Preparing for the Worst - Brisbane Day Zero
Andy Warhol stated everyone's famous for fifteen minutes, but this is taking has-beens-who-never-were into an eternity of tv purgatory – for all of us. The ex-husband of Lisa Minelli is scarcely omega list.
Kay and Laurel swear they hardly ever watch it, yet they discuss all the nonentities that do nonsensical things. I share the house with psychics. In my worst nightmares I find Don and Dec encouraging me on a Bushtucker Trial. (What aborigines make of these is anyone's guess) I bite off everyone's heads, finishing the ordeal by chewing out Don and Dec in the search for brains. Look on the positive side; at least it would be the end of my and all their tv careers and I'm not a Celebrity, Get me into Here.
It's probably harder now to get into The Gabba, where the first test starts tomorrow. Sell-out months ago, days after they went on sale.
Pundits reckon England are in for a caning. Maybe not the 5-0 prediction the environmentally aware Glen McGrath's recycling from last year. A forecast almost as boring as its actuality, but infinity better than “I'm Really Desperate, I'll Eat My Own Toe-Nail Clippings” in front of Don and Dec, my family and other animals. That’s a point; if Kay and Loz are psychic, why do they need to watch it?
People ask me my view about how the series will go – the real series, the big one, in Brisbane, Queensland not “I’m A Mobile Phone Number In Search Of An Identity”. I play cute, offering no shot to a wide one outside off-stump. "Two-one," I reply, "Not sure which side." In the last couple of weeks as tension heightens, I'm told to bring back the Ashes, which may demonstrate the value of poetry, but seems a pretty tall order, especially as I'm a short-arse who hasn't played cricket seriously for nearly forty years.
Worse, they're starting to say "Don't come back without them." And when I protest, I get "We know who to blame if we lose." In one breath they tell me it’s their taxes that’s paying for my odyssey, the next make sure we win. Poet’s can’t – either make sure, or win.
England did last summer, which is why I'm in Brisbane writing this. Just remember that, dear Australian readers. If you’d not lost the Ashes last summer, you wouldn’t be blessed with a pom poet in your midst. Every cloud has a silver, or green baggie lining.
Had Old McGrath's Almanac proved right, 5-0 the Gabba would probably be close to empty, and I don't think there'd be an iota of interest in an English poet going to Australia to record another pom drubbing.
Cricket Walkabout is a book about the first Australian cricket tour to England in 1867-68 by John Mulvaney and Rex Harcourt. The team were aborigines and sailed instead of flew. The Gabba is an aboriginal name, the back-end of Woolloongabba, the surburb of the ground. “There are two theories about its meaning, some believing it means ‘whirling waters’ while others say it represents ‘fight talk place’” according to Cricket Australia’s The Ashes Down Under – official travel guide of Cricket Australia. Could be a poem in there somewhere - Woolloongabba, not the official travel guide bit - even if only the beer spilled between aboriginal lexicographical disputees.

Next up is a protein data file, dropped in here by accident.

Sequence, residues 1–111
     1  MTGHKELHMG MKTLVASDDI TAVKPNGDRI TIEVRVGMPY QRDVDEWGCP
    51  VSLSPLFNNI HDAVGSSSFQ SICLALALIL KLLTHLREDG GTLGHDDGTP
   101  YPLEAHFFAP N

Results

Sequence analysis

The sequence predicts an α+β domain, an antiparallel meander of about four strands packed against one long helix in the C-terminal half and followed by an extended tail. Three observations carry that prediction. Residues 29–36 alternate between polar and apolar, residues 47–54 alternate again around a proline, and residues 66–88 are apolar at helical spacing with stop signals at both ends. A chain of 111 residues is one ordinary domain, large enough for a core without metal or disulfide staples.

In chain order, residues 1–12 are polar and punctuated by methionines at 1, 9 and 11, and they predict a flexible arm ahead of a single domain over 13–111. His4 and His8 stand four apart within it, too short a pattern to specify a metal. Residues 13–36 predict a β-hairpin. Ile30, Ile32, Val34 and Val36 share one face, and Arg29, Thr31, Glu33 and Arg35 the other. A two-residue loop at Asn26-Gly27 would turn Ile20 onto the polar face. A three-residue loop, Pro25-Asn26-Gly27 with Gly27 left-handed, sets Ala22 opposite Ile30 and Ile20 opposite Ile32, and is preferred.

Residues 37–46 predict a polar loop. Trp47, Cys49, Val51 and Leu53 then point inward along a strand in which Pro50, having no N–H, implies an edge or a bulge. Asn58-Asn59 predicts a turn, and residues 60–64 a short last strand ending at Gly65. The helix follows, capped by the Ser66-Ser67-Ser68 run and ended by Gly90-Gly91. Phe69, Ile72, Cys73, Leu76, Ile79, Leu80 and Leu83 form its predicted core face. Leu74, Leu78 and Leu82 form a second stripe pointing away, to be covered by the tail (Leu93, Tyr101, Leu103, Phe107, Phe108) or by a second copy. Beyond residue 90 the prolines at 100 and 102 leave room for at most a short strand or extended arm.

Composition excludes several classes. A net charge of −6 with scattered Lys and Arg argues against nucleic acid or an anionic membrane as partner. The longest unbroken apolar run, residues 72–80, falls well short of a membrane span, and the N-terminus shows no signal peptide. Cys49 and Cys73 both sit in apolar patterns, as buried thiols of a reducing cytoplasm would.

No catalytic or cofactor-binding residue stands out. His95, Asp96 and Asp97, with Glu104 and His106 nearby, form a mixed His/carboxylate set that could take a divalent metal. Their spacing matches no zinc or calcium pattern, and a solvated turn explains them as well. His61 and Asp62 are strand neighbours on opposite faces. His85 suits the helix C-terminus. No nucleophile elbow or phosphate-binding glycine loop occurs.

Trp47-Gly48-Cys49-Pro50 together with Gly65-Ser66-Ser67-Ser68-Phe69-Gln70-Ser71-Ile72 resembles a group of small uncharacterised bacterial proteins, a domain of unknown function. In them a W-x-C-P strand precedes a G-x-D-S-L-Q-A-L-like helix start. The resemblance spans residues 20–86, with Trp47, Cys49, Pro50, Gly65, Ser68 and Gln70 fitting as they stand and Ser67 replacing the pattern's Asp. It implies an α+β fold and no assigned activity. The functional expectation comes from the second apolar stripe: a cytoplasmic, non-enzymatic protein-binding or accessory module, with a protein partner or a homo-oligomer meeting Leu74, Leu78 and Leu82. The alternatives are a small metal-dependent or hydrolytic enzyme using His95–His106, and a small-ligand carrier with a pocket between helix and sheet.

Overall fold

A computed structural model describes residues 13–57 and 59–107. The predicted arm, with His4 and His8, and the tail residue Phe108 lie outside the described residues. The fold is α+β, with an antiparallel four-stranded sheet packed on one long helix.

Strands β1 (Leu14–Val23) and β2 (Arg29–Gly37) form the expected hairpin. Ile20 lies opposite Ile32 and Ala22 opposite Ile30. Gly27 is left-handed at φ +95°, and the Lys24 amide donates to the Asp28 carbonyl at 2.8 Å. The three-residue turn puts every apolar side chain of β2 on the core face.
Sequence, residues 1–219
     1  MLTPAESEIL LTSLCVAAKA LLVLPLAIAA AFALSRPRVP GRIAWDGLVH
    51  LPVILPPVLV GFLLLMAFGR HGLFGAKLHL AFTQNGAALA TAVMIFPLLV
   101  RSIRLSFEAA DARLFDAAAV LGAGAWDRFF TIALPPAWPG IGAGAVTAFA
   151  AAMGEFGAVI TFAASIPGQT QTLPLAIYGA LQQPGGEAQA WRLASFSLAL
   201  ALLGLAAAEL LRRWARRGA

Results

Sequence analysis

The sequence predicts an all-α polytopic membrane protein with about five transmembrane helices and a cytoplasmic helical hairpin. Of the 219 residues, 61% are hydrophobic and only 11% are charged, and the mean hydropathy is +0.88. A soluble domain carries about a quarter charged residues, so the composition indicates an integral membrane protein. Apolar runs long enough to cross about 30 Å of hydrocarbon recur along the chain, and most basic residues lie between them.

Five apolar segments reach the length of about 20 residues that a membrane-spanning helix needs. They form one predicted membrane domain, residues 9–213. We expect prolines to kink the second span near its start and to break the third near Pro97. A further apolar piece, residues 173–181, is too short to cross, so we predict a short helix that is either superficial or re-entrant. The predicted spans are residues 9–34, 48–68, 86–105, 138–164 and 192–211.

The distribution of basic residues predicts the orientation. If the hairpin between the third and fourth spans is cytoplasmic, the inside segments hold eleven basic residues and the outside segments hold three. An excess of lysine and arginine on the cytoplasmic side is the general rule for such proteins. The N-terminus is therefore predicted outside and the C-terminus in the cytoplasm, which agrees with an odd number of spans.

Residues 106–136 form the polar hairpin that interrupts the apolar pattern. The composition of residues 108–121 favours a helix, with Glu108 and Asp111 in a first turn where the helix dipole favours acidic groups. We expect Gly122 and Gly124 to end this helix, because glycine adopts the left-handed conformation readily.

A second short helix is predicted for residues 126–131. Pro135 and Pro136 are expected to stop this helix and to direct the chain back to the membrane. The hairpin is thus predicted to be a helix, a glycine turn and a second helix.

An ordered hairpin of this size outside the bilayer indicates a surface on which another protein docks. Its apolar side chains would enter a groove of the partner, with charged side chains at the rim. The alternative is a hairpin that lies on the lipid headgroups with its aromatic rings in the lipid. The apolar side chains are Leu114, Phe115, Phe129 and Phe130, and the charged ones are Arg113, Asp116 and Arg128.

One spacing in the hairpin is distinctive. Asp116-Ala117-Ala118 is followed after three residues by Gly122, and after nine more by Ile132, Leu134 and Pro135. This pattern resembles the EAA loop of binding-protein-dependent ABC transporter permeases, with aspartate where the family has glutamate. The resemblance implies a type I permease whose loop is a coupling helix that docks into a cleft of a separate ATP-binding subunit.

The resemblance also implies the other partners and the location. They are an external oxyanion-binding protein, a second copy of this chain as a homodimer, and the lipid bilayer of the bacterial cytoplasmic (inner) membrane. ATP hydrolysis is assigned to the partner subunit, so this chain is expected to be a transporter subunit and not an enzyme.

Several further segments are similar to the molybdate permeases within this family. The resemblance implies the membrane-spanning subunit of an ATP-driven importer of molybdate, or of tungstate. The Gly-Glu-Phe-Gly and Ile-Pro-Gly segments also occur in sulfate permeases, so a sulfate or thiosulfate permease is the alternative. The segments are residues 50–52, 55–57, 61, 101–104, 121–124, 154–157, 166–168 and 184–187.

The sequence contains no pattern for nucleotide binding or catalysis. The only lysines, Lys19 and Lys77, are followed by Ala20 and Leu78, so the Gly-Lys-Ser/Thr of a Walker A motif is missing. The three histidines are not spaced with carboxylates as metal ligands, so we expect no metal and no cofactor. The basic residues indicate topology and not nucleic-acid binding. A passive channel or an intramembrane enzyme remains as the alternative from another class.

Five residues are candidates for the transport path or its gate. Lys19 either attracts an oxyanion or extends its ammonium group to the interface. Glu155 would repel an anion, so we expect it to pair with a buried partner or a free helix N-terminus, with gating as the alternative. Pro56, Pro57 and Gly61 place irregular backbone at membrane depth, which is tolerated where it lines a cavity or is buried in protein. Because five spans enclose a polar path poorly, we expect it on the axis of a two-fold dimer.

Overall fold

At the moment the Barmy Army are playing the Fanatics as a pipe-opener for tomorrow’s contest. At the same time players and umpires, ground-staff, hospitality, security, media technicians and reporters (800 press passes according to The Australian – I’m sitting in the stands in case you’re wondering) are all getting ready; ready for the big one. Barmy Army vs Fanatics must be closer to the first tour of 1866-67. Not too many to watch, keen and fairly contested, just one or two people from the media. The strange and lovely thing is that they’re each recognisably the same game. Lose that and the spirit of cricket’s lost too.
We’ll be keen to see what happens:-
First Ball 10.00am local time, The Gabba, Brisbane
The toss, decision to bat or bowl, team selection
and media games, noises off the field.
Set and survey, bat makes mark, bowler back to his
admidst the hush, arm comes over, bat into line,
each grooved, almost automatic. Whatever its outcome
wicket, boundary boards, full face or edge, play
and miss, a middled middling dot in the scorebook
the glance between bat and ball as the field resumes
its mark for five more balls and many more
over five five day matches will tell all
they’ll know before sledge or smile
who has won the very first ball
Woolloongabba they come from far
they come from far to play to play
Waters whirling winds in our hearts
Wind still whirling whirling waters
Whirling fight talk place noisome boys
Warriors outdo warriors
place to talk fight die and share
drowning placentas whirling waters